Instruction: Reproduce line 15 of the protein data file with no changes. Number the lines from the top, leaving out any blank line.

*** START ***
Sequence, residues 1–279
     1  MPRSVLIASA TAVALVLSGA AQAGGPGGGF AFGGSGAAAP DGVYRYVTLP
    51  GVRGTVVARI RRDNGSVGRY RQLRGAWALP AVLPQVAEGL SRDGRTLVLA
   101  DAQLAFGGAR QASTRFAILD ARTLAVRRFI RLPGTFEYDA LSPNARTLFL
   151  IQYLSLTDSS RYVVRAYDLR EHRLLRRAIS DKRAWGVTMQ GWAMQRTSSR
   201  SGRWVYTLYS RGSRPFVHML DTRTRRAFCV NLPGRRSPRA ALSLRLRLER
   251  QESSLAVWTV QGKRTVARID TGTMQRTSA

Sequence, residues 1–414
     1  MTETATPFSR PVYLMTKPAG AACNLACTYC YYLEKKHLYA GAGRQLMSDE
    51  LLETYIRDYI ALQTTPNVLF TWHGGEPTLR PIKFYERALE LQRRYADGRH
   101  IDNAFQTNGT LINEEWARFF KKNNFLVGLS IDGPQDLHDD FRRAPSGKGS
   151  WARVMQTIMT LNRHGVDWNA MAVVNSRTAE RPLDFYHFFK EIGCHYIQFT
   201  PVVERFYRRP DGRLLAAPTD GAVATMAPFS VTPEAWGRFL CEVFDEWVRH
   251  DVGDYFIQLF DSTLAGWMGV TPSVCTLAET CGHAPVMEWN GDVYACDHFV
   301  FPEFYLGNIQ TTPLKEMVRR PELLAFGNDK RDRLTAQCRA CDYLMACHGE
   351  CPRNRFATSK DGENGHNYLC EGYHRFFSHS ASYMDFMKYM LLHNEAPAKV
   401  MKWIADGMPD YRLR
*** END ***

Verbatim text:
   301  FPEFYLGNIQ TTPLKEMVRR PELLAFGNDK RDRLTAQCRA CDYLMACHGE